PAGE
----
This has led to old media outlets losing the influence they once had. More people are reading news online, than through TV or newspapers. Artists can get their music out without the Draconian demands of a record label. Indie filmmakers can crowdfund their ideas and distribute their work, completely circumventing the toxic Hollywood system.

Each day new innovations are bringing more power to us, the lowly masses. And the powers at be are terrified.

It’s particularly troubling to them that younger generations have taken to the Internet so much. People below the age of thirty have never touched a newspaper (I’m 33 and I can count on one hand how many times I’ve read a paper). They don’t care about what’s on CNN. And they’re more likely to spend a day watching YouTube than watching NBC.

I have nieces and nephews who want to grow up to become YouTube stars. Not TV stars, movie stars, or talk show hosts, but YouTube stars.

This incredible new power will only grow as time goes on. Unless, of course, something is done.

While the New York Times is most certainly dead, along with Virgin Records, and CNN, new gatekeepers are realizing how much power they can wield.

Those companies that are providing the platforms for new media and free speech are discovering that they too, have interests they want to protect. The masses who use their websites and services just might not behave the way they want them to, so they will abuse the influence and good will they’ve established to rein in all this free thought and expression.

We’ve saw this throughout the 2016 election. Twitter was frequently criticized for censoring and outright banning conservatives, some over made up charges of abuse. Meanwhile Black Lives Matter activists celebrated the death of cops, while ISIS spreads its propaganda, and Twitter did nothing.

Facebook was called out, and continues to be called out, for banning conservative and free speech accounts. They have admitted to censoring conservative news on their feeds. Yet they are slow to shut down radical Islamic pages that support terrorism.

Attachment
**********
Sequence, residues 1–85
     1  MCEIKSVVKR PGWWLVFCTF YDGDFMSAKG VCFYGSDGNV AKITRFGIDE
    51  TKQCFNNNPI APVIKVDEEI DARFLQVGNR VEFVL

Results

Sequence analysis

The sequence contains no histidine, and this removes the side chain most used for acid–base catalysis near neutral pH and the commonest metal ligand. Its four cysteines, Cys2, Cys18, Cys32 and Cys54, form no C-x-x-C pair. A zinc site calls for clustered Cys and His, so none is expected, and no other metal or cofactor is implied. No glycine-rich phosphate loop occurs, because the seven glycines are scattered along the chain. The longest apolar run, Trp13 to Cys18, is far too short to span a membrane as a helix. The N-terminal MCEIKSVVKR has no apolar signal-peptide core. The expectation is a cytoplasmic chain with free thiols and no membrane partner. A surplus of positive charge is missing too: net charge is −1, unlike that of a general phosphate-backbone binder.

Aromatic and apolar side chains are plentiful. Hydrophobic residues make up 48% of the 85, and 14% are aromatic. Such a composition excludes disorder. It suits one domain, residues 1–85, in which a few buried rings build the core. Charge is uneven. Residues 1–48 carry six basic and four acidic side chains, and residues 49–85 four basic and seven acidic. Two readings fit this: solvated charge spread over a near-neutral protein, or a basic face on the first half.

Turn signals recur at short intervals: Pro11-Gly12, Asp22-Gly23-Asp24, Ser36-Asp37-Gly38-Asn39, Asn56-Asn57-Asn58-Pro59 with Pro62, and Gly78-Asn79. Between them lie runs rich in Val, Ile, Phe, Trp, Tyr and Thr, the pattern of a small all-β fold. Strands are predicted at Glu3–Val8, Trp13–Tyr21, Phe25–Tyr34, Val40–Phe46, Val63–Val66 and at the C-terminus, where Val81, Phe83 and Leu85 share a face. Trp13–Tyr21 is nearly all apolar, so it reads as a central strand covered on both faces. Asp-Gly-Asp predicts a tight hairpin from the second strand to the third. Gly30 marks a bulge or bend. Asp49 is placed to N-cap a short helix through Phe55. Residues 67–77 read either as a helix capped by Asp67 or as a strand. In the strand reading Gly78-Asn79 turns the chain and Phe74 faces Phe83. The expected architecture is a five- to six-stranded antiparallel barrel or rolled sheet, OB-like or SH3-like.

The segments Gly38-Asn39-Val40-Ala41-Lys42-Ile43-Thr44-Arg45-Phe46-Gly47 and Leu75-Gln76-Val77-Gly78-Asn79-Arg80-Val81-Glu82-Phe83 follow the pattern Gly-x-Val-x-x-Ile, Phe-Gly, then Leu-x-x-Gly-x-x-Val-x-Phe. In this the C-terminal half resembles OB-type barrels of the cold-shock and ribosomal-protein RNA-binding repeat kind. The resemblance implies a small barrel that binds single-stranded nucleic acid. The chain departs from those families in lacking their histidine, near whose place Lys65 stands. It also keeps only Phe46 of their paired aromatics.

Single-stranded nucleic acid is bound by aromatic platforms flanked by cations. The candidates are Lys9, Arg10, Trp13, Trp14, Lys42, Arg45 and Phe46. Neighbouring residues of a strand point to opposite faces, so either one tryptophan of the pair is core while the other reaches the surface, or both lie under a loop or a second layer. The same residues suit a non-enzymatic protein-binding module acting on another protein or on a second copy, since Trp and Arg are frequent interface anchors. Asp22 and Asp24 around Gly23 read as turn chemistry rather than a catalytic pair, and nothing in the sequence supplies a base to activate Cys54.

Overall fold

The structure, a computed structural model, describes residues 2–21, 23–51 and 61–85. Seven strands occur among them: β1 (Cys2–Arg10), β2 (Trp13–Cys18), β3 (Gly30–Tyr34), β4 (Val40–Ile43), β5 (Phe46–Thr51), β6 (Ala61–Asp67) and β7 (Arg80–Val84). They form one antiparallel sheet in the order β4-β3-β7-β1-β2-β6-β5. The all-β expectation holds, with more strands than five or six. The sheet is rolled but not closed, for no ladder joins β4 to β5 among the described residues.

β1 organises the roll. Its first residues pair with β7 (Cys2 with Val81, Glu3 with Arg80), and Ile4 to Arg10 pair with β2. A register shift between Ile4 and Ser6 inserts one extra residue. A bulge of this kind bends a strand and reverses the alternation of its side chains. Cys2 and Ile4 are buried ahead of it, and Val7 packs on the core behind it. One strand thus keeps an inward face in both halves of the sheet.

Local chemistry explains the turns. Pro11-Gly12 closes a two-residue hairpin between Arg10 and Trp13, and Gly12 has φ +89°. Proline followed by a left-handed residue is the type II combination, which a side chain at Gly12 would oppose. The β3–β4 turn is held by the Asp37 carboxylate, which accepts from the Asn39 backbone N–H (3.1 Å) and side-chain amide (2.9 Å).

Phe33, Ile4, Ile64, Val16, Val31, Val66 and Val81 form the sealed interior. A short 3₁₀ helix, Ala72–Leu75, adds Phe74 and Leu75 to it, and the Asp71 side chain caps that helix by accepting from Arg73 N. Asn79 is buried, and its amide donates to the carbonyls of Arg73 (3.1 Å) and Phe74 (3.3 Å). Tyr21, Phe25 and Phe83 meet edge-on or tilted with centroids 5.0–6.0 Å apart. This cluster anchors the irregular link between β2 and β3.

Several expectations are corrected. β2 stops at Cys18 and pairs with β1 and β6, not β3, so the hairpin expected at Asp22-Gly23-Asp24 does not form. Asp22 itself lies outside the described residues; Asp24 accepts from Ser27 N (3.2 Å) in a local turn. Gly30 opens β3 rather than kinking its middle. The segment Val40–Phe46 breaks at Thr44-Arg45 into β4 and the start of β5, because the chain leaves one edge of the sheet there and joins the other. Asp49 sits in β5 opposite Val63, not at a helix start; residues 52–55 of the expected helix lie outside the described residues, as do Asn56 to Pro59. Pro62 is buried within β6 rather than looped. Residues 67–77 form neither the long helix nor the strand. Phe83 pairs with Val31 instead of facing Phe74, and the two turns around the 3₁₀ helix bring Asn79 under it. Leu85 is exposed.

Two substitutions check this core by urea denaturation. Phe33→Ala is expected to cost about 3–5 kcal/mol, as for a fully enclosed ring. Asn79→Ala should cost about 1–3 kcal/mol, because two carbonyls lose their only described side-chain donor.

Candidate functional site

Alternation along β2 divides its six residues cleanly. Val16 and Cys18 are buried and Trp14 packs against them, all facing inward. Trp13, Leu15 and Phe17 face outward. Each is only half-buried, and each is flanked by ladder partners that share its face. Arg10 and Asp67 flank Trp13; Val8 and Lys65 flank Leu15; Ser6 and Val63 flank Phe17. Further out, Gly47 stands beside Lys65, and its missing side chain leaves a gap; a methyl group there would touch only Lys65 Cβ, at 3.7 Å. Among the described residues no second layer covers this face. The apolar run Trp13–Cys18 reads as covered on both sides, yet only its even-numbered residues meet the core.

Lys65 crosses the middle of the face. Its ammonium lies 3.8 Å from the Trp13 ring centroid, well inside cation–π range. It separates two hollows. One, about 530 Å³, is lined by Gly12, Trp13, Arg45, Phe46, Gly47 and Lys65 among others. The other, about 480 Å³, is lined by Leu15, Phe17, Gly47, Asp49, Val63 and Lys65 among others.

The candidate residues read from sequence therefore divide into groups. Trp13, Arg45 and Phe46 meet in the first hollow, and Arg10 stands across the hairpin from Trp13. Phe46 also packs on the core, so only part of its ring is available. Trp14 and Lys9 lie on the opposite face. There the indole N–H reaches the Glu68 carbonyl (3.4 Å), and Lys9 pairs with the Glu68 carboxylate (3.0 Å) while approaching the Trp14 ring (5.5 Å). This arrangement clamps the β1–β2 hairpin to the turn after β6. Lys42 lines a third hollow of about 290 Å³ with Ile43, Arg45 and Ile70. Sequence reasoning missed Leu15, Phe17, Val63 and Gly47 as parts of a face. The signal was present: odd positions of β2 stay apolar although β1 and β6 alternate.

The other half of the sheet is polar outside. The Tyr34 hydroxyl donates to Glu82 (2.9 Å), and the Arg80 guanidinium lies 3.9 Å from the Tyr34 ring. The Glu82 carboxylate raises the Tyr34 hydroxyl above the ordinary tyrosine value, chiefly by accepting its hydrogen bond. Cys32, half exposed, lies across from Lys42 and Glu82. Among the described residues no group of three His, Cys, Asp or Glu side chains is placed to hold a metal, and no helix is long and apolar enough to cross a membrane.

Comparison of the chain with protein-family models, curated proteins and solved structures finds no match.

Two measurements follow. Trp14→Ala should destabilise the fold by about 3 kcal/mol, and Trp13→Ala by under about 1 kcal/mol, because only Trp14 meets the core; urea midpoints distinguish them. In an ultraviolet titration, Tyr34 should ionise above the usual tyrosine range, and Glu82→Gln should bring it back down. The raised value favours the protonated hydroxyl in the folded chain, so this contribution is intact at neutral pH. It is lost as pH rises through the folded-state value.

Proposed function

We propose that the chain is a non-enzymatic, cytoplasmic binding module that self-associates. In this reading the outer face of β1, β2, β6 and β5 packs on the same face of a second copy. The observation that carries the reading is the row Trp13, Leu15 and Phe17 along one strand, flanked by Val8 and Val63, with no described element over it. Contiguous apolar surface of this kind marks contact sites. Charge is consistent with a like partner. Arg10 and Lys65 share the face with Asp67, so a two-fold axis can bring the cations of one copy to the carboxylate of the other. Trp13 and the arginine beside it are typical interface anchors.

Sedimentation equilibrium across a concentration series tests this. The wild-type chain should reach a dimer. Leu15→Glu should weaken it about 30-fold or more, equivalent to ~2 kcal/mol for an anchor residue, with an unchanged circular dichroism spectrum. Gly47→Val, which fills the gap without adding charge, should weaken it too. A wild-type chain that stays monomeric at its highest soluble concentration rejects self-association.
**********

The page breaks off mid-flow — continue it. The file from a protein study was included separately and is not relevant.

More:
But all the manipulative and shady practices of these social giants pale in comparison to YouTube. Arguably, YouTube is the most influential, most disruptive social network of them all. YouTube directly threatens cable news, network TV, movies, even publications. Young people are more likely to hear about current events through their favorite YouTube channels, rather than established outlets.

This means that all the work the mainstream media puts into controlling the way you think is all for nothing. CNN works overtime to distort the presidency, lie about radical Islamic terrorism, and promote far left-wing causes.

But millions of people would rather watch PewDiePie.

Worse than that, people are getting their news from intelligent, effective conservative channels like PragerU, Paul Joseph Watson, and Louder With Crowder. Milo Yiannopoulos may have lost his Twitter account, but he is going strong on YouTube and other sites.

This threatens old media, of course. But they’re already dead. Nothing is going to return us to the days of the 80’s and 90’s, the last era where television ruled what we saw and heard. The cats out of the bag, Pandora has opened the box.